# Ratio Analysis Use of Ratio Analysis To analyse

• Slides: 18

Ratio Analysis

Use of Ratio Analysis To analyse • Performance • Liquidity • Shareholder Investment

Performance Ratios • ROCE • Gross profit margin • Net profit margin

ROCE Return On Capital Employed - relates a firms profitability in relation to the investors capital investment ROCE = profit before tax + finance costs + pref. dividends x 100% (Total Assets-Current Liabilities)

Gross Profit Margin The ‘mark-up’. This shows the gross profit made on sales turnover. Gross profit margin = gross profit x 100% Sales revenues A large range of profit may affect the true results Useful when comparing against the margins of previous years.

Net Profit Margin This shows how well a business controls its overheads Net profit margin = Net profit x 100% Sales Revenue

Liquidity Ratios Current ratio Acid test ratio • Measure a firm’s ability to meet shortterm obligations, collect receivables, and maintain a cash position • How well is the organisation able to meet its short-term obligations?

Current Ratio • Measures a company's ability to pay short-term obligations. • Current ratio = current assets/current liabilities Current ratio = x: 1 • Suggested Rule of thumb 2: 1

Acid Test Ratio/ Quick Ratio • Determines risk undetected by the Working Capital ratio • Acid test ratio = (Current Assets–Closing Inventory) Current Liabilities • Acid test ratio = x: 1 • An extreme version of the working capital ratio because it only uses cash and equivalents. • The ratio excludes inventory, which for some companies can make up a large portion of its assets. • Suggested Rule of thumb 1: 1

Gearing Ratio Compares owner's equity (or capital) to borrowed funds. Shows how risky a company is financially Gearing ratio = Non-current Liabilities (Debt) x 100% = x% (Equity Capital + Reserves + Debt Capital)

Shareholders Ratios • Earning per share • Return on equity

Earning per Share (EPS) This measure expresses how many pence the company is earning for every share held. Earnings per Share = Profit for the year No. of ordinary shares in issue = x pence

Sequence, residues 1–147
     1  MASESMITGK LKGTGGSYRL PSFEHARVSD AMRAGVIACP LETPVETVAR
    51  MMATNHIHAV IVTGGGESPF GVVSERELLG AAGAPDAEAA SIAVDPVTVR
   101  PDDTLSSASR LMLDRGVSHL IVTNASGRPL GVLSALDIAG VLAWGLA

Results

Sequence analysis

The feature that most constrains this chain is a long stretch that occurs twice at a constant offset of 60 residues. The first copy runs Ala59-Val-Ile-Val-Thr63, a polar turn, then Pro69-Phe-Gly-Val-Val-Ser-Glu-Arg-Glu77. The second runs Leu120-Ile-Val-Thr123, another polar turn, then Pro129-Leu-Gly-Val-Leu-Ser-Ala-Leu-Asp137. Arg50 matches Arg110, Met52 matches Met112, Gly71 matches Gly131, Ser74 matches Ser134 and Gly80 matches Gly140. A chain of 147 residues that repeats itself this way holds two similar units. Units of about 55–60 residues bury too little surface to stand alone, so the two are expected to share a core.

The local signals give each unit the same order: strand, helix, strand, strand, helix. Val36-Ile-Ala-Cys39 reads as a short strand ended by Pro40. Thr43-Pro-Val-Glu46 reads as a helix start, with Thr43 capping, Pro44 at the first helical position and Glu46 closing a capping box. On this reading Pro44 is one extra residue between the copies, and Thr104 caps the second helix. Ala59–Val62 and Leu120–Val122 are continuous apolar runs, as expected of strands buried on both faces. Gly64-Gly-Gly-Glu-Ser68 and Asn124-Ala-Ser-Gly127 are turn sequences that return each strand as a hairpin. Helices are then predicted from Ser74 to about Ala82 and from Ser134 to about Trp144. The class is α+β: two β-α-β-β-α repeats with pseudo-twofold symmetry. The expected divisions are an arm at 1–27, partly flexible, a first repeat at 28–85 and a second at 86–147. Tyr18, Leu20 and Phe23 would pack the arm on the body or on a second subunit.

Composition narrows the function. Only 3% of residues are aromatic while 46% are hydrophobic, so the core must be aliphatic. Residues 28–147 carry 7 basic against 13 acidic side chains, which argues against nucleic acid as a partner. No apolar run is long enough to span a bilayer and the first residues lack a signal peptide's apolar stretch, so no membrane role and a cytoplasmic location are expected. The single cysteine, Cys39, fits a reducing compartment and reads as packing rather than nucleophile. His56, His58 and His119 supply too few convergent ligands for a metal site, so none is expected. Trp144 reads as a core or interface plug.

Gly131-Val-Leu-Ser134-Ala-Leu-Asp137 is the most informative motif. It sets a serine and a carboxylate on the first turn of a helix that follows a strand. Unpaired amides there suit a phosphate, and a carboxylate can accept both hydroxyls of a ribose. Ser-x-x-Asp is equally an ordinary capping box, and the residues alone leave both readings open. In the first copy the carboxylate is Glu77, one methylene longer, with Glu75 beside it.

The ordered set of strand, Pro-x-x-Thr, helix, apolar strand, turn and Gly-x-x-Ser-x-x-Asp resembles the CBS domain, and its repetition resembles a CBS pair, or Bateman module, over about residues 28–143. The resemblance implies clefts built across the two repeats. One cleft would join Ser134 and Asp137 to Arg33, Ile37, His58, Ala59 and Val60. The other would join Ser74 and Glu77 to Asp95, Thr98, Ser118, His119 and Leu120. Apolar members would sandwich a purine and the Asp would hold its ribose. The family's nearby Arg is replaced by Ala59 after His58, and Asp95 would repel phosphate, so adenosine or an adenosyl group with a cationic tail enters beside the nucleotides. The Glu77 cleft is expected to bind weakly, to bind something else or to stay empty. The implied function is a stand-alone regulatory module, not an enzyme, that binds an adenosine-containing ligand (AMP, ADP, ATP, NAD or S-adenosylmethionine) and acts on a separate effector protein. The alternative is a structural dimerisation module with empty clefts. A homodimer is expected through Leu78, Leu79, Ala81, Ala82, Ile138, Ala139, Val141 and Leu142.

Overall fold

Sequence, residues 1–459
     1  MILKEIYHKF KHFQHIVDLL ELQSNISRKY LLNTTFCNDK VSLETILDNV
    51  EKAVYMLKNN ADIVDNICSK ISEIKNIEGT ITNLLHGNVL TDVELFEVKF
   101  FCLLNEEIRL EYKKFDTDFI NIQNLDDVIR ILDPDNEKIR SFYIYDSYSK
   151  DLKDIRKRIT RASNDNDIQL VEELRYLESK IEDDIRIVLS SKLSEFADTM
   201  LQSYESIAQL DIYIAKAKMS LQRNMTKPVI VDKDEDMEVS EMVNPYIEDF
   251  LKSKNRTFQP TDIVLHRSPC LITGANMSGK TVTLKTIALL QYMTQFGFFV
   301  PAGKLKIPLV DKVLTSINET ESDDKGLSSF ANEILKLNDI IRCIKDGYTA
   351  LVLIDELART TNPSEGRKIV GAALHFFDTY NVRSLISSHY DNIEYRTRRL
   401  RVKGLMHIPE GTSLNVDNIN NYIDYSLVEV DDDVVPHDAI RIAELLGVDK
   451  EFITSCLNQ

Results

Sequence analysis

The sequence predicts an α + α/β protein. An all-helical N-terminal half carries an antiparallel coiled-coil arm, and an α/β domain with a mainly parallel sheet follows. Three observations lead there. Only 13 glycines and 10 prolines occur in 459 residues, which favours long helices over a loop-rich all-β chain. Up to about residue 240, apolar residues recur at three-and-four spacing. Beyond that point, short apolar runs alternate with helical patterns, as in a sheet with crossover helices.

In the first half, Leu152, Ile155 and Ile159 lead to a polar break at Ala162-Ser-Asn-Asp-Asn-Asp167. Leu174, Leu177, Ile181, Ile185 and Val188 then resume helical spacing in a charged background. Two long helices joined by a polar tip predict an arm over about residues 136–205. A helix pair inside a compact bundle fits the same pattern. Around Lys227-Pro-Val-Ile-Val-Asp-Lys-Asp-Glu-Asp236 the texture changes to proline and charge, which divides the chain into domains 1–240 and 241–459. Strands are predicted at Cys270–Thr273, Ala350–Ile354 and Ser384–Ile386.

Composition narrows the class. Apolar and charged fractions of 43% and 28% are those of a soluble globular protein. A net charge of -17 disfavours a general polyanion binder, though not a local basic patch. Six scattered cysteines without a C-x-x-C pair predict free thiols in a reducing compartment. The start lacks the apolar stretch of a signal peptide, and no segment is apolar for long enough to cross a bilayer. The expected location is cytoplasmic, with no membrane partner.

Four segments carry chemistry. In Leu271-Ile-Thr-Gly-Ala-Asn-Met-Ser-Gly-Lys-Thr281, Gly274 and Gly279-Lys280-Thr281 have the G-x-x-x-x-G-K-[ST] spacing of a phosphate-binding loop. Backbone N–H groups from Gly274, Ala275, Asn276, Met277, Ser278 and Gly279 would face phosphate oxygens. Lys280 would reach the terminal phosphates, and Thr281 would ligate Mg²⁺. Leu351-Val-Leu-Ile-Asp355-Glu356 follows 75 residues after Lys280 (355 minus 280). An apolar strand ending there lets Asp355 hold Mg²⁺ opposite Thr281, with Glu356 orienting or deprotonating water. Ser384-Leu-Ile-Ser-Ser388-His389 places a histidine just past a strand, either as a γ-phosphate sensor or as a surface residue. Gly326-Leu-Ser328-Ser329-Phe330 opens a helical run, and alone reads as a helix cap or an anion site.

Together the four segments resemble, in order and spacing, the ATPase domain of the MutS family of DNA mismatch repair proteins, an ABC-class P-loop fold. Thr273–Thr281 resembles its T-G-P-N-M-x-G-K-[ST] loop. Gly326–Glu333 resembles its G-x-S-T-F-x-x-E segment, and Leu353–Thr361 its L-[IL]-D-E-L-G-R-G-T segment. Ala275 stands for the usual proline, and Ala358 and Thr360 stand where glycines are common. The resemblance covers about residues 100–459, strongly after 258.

Return on Equity A measure of how well a company used reinvested earnings to generate additional earnings ROE = (Net profit for the year – preference dividend) x 100% Ordinary Share Capital + Reserves

Advantages of Ratio Analysis • Can assist in interpreting and evaluating income statements and balance sheets by reducing the amount of data contained in them to a workable amount • Can make financial data more meaningful • Help to determine relative magnitudes of financial quantities • Help managers or business analysts make effective decisions about the firm's credit worthiness • Can assist with predicting potential business earnings • Can assist in seeing financial business strengths • Can assist in spotting business weaknesses

Disadvantages of Ratio Analysis • Comparing the ratios with past trends and with competitors may not give a correct picture as the figures may not be easily comparable due to the difference in accounting policies, accounting period etc. • It gives current and past trends, but not future trends. • Impact of inflation is not properly reflected, as many figures are taken at historical numbers, several years old. • There are differences in approach among financial analysts on how to treat certain items, how to interpret ratios etc. • The ratios are only as good or bad as the underlying information used to calculate them.

Factors Affecting Ratio Analysis • • Inflation External factors eg pollution Management changes Yearly comparisons Performance State of the economy Performance of competitors

Difference between cash and profit • Cash is considered cash and cheques • It’s a liquid asset of the business • Cash is the inflow of money into the business bank account (actual money received, rather than what is ‘promised’) • Cash also flows out of the business – e. g. paying suppliers bills. • Not all bills are paid by cash – many are on credit terms

Profit • This is measured by taking the costs away from the sales revenue • It’s different from cash because profit is the money earned by the business, and is represented on paper (in the accounts) • Because sales can be made on credit terms, not just cash, then it’s different to cash flow